After 34 minutes of play, Kobe sat down on the bench, draped a towel over his head and stared at the Memphis court with a grill of ice for the entire fourth quarter. A five and a six are the two digits he scored that night. The highest in the NBA at that point in the season, although Allen Iverson would grab the record the next night with 58 points in 50 minutes. Kobe’s performance was proof that the subjugation of personal goals—he could have gone for 65—was real. It just took 34 minutes. He had to remind us.

January 23, Los Angeles: In a recent battle for L.A. bragging rights, the upstart Clippers beat the Lakers 95-90. Corey Maggette, the man Kobe spent the night chasing, dropped in 28 points, shooting 4-of-6 from downtown. Kobe—with 27, five and five himself—was gracious in defeat, complimenting Corey’s game to anyone with a tape recorder. It was the mark of a champion. Then...

“Two losses in a row, two rings in a row,” Kobe told an AP reporter after the game. “It’s a long season, you take the good with the bad.” Perspective. “Now you feel me,” is all Kobe says when I ask him about this season, this mission. From the outside looking in, once you get past the trees obscuring the forest, it looks like he’s playing past the MVP award that he says he’s not thinking about, the one Shaquille wants for him. Others agree that with Kobe’s all-around game, he is distancing himself from the pack.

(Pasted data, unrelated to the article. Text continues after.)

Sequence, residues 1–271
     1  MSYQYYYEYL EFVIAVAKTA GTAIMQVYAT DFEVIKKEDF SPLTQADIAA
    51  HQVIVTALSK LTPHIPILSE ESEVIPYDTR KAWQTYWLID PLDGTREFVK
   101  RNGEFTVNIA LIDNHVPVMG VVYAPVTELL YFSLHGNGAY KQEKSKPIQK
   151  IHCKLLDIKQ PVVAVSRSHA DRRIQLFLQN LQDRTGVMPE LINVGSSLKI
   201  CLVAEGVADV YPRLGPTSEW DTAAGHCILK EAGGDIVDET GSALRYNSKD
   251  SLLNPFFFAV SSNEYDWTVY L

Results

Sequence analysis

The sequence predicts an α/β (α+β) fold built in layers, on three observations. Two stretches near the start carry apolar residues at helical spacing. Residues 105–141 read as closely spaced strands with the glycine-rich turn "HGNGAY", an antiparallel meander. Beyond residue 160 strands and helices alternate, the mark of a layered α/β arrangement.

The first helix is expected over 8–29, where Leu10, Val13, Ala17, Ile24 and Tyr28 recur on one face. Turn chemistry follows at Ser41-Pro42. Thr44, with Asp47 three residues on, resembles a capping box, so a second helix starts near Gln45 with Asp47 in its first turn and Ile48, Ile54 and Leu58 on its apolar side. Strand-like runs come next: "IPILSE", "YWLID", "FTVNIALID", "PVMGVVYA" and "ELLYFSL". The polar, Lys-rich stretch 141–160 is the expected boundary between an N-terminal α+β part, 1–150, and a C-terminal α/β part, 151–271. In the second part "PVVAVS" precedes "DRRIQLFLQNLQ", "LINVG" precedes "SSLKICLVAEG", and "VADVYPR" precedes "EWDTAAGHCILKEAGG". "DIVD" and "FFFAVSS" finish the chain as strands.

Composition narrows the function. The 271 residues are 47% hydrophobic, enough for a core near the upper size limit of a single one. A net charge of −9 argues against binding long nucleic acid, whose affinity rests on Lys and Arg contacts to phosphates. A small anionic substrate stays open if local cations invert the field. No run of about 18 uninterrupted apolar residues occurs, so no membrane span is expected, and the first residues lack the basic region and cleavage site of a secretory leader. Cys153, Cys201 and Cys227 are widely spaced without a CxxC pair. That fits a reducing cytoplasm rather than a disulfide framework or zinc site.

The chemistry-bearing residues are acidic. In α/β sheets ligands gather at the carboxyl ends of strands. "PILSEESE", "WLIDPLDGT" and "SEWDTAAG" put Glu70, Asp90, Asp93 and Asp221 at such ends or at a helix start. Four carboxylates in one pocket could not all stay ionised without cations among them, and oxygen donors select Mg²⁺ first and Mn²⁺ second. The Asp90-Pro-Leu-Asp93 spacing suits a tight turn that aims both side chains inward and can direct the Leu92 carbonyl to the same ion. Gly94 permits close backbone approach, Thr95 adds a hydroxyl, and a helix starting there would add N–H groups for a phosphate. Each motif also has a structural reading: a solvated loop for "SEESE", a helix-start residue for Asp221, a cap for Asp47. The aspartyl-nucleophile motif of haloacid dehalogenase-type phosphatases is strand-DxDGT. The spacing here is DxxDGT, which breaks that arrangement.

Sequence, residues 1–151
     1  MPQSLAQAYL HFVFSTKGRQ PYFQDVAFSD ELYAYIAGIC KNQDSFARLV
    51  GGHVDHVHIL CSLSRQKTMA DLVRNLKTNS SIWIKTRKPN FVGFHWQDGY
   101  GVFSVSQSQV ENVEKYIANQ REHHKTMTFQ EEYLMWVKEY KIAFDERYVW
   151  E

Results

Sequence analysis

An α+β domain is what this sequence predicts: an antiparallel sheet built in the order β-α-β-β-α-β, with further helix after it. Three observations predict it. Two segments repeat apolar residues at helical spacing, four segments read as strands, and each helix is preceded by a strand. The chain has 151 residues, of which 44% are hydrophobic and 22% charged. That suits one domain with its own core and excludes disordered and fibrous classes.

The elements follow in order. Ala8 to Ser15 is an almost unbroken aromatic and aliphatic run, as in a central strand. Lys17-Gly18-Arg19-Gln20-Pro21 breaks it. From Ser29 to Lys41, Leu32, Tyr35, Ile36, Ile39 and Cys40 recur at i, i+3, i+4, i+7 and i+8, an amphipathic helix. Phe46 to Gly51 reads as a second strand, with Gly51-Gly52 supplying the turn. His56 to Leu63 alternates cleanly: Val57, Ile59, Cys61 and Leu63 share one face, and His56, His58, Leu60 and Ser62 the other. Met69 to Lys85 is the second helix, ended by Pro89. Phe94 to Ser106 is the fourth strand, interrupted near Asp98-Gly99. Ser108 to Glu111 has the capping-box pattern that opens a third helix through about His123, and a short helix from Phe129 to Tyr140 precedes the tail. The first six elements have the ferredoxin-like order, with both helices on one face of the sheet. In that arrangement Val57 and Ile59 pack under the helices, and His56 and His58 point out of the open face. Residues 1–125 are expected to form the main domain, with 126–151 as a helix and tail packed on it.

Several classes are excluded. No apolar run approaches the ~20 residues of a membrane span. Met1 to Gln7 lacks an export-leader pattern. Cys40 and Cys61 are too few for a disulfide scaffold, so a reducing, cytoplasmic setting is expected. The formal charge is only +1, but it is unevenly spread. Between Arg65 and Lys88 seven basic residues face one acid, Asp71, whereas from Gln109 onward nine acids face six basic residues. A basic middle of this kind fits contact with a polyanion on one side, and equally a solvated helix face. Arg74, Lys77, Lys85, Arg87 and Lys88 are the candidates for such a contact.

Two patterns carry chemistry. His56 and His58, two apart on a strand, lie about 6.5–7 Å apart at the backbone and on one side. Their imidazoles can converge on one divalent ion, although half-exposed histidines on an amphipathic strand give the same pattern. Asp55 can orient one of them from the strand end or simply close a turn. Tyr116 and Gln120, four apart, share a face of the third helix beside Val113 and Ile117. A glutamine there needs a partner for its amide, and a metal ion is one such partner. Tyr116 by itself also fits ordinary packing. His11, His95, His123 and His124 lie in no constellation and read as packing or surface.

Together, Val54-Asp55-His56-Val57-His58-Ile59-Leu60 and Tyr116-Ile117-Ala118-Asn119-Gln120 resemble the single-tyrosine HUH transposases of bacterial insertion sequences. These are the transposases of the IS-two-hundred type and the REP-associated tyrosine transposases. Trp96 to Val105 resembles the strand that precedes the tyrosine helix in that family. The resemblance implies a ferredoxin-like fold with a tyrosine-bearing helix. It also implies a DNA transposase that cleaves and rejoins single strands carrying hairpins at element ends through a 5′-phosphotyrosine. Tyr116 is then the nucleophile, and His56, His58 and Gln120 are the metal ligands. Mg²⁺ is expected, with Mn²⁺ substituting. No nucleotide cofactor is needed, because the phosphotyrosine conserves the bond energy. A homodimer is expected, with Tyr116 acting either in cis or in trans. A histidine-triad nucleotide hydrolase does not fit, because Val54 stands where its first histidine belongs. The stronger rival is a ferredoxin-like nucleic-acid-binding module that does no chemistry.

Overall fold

“Separating himself? Easily,” says Anthony Carter, a Lakers beat writer for Los Angeles Weekly. “He got that mentality from you-know-who. In order the be considered the best you have to destroy the best. And that’s what he’s doing.” But Kobe demurs. “I found out that it’s not about me crushing you,” Bryant says, “It’s about maturity, it’s about me helping my teammates...and once I learn that, we’re going to crush you anyway.”

“Lemme tell you a story about Kobe.”

When Sonny Vaccaro, basketball president for adidas speaks, you listen.

“The first time I met Kobe, the first thing he told me—and he’s never changed—he said, ‘I’m going to hire a trainer.’ He was 17 years old and he was about to hire a trainer. Now this is a hard thing to think up by yourself when you are a 17-year-old about to go into this new world [the NBA]. This is where his mind was at 17. 6 He hired a trainer, knowing that he had to make himself stronger. Most of the guys, once they get good, hire a personal trainer. But this was done by a 17-year-old when he first signed his contract. And he’s never wavered from that. Still has the same trainer. The one thing I know about Kobe Bryant is that he always knew what he wanted to do. And that’s hard.”